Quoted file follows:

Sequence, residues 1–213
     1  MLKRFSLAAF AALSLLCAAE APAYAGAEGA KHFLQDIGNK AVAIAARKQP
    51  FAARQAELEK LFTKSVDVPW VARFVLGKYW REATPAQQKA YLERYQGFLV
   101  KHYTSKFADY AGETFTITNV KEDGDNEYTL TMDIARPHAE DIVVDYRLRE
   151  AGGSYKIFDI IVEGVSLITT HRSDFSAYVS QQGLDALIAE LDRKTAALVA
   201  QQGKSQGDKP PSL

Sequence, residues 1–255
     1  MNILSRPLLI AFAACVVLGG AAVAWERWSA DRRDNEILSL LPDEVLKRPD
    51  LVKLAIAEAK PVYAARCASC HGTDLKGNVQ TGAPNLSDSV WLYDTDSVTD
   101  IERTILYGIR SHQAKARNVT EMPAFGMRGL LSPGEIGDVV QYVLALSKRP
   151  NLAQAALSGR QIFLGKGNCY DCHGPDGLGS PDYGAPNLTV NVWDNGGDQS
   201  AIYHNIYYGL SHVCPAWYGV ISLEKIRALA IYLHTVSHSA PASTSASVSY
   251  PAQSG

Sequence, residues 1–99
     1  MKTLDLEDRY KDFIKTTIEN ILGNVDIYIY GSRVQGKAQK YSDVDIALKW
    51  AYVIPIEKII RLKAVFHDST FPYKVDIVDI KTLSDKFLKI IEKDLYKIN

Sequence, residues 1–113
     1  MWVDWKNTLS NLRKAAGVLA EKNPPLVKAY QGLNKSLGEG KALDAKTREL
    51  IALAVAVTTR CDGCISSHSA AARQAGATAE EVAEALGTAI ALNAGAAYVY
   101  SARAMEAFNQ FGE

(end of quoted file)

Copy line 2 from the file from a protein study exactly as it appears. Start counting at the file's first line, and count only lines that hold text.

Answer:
     1  MLKRFSLAAF AALSLLCAAE APAYAGAEGA KHFLQDIGNK AVAIAARKQP